Leading off today:
The feat only moved her to a tie for fifth on the all-time Section 5 list for girls soccer goals, but Chloe DeLyser's four goals
Friday were noteworthy nevertheless.
DeLyser's third goal during Marion's 4-1 win over Gananda moved her past the career total of Abby Wambach, the former Our Lady of Mercy star who went on to become the most accomplished scorer in the history on international soccer.
DeLyser finished off her night by converting a penalty kick to stand at 144 goals in 3½ varsity seasons. The sophomore striker has 31 goals and 18 assists in Marion's 10-0 start to the season after opting not to join a USSF academy program that would have precluded her from playing for her school.
"I chose to not do (that) because I could beat records like this and also do it with my team," DeLyser, who scored 49 goals as a freshman, told the Democrat and Chronicle.
More girls soccer: Jenn Bonifazio sounds like a sportswriter's dream interview subject. I mean, you gotta love the quote potential of a kid who can refer to herself as standing "5-foot-12."
The defender converted Lauren Hackett's corner kick into the winning goal with 12:20 to play as St. Anthony's edged Holy Trinity 2-1.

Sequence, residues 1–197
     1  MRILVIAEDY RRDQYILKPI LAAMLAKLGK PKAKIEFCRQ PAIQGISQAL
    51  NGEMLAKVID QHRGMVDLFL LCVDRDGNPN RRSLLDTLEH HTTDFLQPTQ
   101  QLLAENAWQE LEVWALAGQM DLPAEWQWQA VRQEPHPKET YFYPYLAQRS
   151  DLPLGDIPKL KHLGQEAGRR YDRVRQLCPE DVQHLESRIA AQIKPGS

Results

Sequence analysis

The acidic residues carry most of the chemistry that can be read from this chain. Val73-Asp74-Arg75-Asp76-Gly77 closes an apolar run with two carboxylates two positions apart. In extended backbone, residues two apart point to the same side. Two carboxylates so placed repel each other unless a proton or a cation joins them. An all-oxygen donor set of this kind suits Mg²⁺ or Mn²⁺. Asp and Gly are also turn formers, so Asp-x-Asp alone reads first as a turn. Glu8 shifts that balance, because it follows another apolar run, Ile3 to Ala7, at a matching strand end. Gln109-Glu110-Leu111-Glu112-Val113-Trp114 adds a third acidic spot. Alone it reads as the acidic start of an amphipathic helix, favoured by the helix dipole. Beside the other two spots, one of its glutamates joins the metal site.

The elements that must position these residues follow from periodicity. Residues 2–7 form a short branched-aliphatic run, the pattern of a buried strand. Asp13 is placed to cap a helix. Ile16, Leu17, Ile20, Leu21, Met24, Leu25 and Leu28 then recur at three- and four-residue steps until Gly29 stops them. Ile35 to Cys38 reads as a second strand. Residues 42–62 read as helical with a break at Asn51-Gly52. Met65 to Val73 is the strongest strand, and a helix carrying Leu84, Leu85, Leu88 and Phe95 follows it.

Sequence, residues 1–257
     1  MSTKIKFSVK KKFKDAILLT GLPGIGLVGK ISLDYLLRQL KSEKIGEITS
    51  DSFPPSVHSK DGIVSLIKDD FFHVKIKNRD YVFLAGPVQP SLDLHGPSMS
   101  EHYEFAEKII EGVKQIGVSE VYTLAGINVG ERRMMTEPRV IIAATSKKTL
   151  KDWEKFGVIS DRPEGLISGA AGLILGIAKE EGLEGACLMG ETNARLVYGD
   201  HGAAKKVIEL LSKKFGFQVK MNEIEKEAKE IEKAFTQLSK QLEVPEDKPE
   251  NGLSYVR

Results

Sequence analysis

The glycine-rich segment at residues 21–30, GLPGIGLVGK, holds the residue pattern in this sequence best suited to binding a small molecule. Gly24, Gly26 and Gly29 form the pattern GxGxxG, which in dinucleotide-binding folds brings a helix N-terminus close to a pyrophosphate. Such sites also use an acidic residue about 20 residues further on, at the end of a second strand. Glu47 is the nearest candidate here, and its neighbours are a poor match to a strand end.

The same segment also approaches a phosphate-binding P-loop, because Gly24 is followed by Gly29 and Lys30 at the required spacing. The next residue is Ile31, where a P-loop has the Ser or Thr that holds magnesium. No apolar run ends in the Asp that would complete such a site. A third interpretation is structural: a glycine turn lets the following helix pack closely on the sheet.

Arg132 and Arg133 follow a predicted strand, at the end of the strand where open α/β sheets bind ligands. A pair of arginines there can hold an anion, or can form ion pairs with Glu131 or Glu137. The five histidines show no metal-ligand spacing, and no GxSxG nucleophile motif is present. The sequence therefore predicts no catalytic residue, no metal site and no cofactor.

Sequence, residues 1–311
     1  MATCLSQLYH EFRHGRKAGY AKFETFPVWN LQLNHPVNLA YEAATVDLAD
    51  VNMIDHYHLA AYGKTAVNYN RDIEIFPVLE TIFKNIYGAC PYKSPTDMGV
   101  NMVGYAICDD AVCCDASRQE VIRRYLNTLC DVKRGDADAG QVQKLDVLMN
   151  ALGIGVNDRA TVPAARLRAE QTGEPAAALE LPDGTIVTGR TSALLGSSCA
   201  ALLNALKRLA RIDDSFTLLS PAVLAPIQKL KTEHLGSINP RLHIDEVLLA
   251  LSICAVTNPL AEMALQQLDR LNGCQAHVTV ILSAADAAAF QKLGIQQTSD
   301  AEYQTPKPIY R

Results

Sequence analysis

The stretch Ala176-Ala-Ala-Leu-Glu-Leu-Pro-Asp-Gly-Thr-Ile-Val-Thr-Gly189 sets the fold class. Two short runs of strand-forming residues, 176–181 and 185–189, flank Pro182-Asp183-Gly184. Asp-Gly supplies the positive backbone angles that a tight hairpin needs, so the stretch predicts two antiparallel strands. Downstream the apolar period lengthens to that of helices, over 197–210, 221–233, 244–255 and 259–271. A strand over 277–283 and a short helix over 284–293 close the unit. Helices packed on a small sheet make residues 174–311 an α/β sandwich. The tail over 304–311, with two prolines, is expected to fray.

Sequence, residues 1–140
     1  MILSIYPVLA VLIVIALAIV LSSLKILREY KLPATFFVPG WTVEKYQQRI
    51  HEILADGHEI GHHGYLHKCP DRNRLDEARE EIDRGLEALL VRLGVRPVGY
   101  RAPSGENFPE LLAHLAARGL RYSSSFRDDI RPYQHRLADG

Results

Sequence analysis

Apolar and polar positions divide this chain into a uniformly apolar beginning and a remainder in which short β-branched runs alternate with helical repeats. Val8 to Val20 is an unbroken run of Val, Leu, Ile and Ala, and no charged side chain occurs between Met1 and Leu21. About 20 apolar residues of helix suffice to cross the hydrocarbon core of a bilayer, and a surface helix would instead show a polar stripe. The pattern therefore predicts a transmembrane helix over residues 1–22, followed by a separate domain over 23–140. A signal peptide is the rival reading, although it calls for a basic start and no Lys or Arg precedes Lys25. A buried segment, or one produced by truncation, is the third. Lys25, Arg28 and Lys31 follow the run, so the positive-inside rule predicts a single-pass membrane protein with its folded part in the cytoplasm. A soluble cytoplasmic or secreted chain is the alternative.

The Friars, ranked fourth in the state in Class AA, improved to 5-0.
"I try whenever I go in (on corner kicks) to have the mindset, 'This is going to be mine. This is going to be finished,'" Bonifazio told Newsday. "People are definitely scared when I go in because I am very tall and people fear that for a corner kick."
Said Hackett: "Well Jenn's the biggest person on our team, I'm always looking for her. I mean, she sticks out like a sore thumb."
Too much? I knew even before clicking on the headline -- "Phoenix football coach Paul Sealy blasts Jordan-Elbridge's Tim Hawkins for late-game pass: 'That's awful' -- that the story was going to be a magnet for reader responses. And I was right. There were more than 150 comments attached to the Syracuse.com story by 1 p.m. Saturday.
Sealy was furious that J-E, already leading 62-0 in the fourth quarter, called a pass play en route to a 75-0 rout.
"You're up 62-0. We just stuffed you on two or three plays. And you threw the ball," Sealy said. "That's awful. You can go back every game (I've coached), 43 years. I bet you I've coached almost 600 games, between JV, varsity. I have never, ever, nor would I ever (pass in that situation)."
Sealy made the comment to a reporter immediately after the game, which had a 56-0 halftime score, when emotions were still raw. A few minutes later, J-E coach Tim Hawkins said he was just giving his reserves a chance to pass and that he couldn't tell them to take a knee for 10 minutes."
My take? There's plenty of middle ground between taking a knee and throwing the ball against a badly beaten and badly overmatched opponent -- one that has now been outscored 196-0 this fall. For starters, the backup quarterback can get some throws in during the second quarter when the lead is still in the 30s or low 40s.
Secondly, your reserves are reserves because they're not polished enough to be starters yet. They could have alternated dives and sweeps and gotten better at both.